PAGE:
The letter requirement associated with Michigan SOS 257/258 “Request for a hearing” is the most screwed up element I see on a regular basis. The driver’s license restoration letter is more difficult than it appears. I have not represented a client yet that was able to provide good letters on the first try. Yes, I ask my clients to return to their witnesses with instructions on how to write a better letter. This element clearly separates the professions from the bar stool lawyers. In my opinion, if someone is attempting to get their license back, not spending time and energy on generating good letters is a fatal error.
Basic requirements for Driver’s License Restoration Letter
The “Request for a Hearing” application states:
Documentation of sobriety – Your sobriety must be confirmed by friends family and coworkers who are in a position to know observe and personally attest to your habits regarding the use of alcohol or controlled substances. You must either submit three to six notarized testimonial letters with this form or bring three to six witnesses to your hearing who will testify as to your sobriety Letters must be signed dated and notarized with a complete mailing address and telephone number where the writer can be reached between a – Eastern time Letters must contain the following information about you:
The person’s relationship to you; How often the person sees you; How long the person has known you; The last time the person saw or had knowledge of you drinking or using controlled substances; The amount of alcohol or controlled substance the person knows you consumed on the last occasion; What social activities you participate in involving alcohol or controlled substances; The person’s knowledge of your past or current involvement in treatment or a support group.
Professional Tips for Driver’s License Restoration Letters
No Word Count Limitations:
Brevity is the enemy of all Driver’s License Restoration cases. In my video, I discuss how a short hearing before the Secretary of State is a warning sign for imminent failure. When I question a witness on the stand, it is always important not to rush or skip the foundation elements for the witness. Every witness needs to be persuasive to the fact finder. The same holds true for a driver’s license restoration letter. I read a lot of letters written on behalf of a person seeking their license. Short and sweet is bull shit, every time and all the time. The Administrative Hearing Section(AHS) employs attorneys, called Hearing Officers, it’s their job to review all the evidence presented at a hearing. A HO is never burdened by having to do their job. Making the HO’s life a little easier by soliciting short and sweet letters is not going to help anyone. The short and sweet letter makes the HO’s job harder and dramatically decreases the petitioner’s change of restoring their license. Being able to use witness letters instead of live testimony is a gift for anyone seeking to restore their license. Make use of this gift, lawyers are fast readers.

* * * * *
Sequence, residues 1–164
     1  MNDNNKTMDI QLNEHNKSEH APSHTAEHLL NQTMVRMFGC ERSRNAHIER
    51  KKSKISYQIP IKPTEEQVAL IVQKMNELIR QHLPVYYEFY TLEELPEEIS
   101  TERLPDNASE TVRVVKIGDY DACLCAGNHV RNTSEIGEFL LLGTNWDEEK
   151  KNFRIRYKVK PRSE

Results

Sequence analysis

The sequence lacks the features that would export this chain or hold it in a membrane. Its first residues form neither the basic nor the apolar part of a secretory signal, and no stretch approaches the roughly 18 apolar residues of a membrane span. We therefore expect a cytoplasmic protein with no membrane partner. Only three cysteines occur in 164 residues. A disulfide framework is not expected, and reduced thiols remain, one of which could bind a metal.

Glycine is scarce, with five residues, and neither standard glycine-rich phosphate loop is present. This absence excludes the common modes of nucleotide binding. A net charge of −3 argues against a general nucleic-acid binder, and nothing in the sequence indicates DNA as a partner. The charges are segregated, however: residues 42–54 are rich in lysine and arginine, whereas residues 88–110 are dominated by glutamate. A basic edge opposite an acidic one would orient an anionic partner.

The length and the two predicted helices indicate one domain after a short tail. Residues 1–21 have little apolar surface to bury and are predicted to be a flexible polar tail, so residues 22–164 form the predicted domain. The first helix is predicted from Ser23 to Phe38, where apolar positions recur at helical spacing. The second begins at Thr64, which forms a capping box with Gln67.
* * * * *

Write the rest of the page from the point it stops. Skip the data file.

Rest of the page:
The bold title:
The bold title of this section of the application reads, “Documentation of Sobriety.” It should be retitled as “Evidence of Sobriety,” still further, “Testimony of Sobriety.” As I mentioned above, the driver’s license restoration letter is a substitute for live testimony. Here is a great tip, “How do you know?” The answer, “Because, because, because and because.”
Hardship not requested:
The driver’s restoration letter is not an opportunity to whine to the Hearing Officer. My father was a District Court Judge for 26 years. He used to say, “Once is a mistake, twice is a problem.” The State of Michigan agrees with my dearly departed father. A driver’s license is revoked for a very good reason. I am not writing this article to preach about the social costs related to habitual drunk drivers. I am sure MADD has plenty of facts that support the inference that a person who is caught driving intoxicated twice represents a clear danger to the public. Of course, living a modern life without a driver’s license is a hardship for a habitual drunk driver. The primary purpose of the driver’s restoration letter cannot be a recitation of the petitioner’s hardship due to the lack of driving privileges. A “poor single mom” approach will not help. There are many attorney practitioners that believe that the strategy of “arguing hardship, without arguing hardship” is a worthy exercise. I am not opposed to this sort of thinking, but I also believe that backdoor arguing of hardship is secondary to well-developed testimony of sobriety. I also believe that hardship should be introduced under the context of motivation for the petitioner. For example, “Jon told me about how he was passed up for a promotion at work due to his inability to drive. I know this was hurt Jon and he told me he was embarrassed. If Jon was given a chance to drive again, I know he would not do anything to jeopardize his driver’s license, he has learned first-hand how tough it is without one.” In this example, the witness has discussed a hardship for the petitioner without making any claims that the lack of a driver’s license is hardship and the petitioner has suffered enough.
There are more tips and traps: MRE 603 letter requirements; Habitual drunk driver; Brutal Honesty; How social activities can ruin a driver’s restoration case; The support network bonus; and the perfect driver’s license restoration letter–hard to find, but worth the effort.
The rest of these tips are reserved for people that hire me to represent them. It has taken me years to determine the perfect recipe for a driver’s license restoration letter, I am not going to give away the secret sauce.
About the Author
Matthew Benedict is a driver’s license restoration attorney serving all of Northern Michigan, from Big Rapids to St Saint Marie. If you want to get your license back, call today for an appointment. 231-883-4170
Please visit my driver’s license restoration blog here.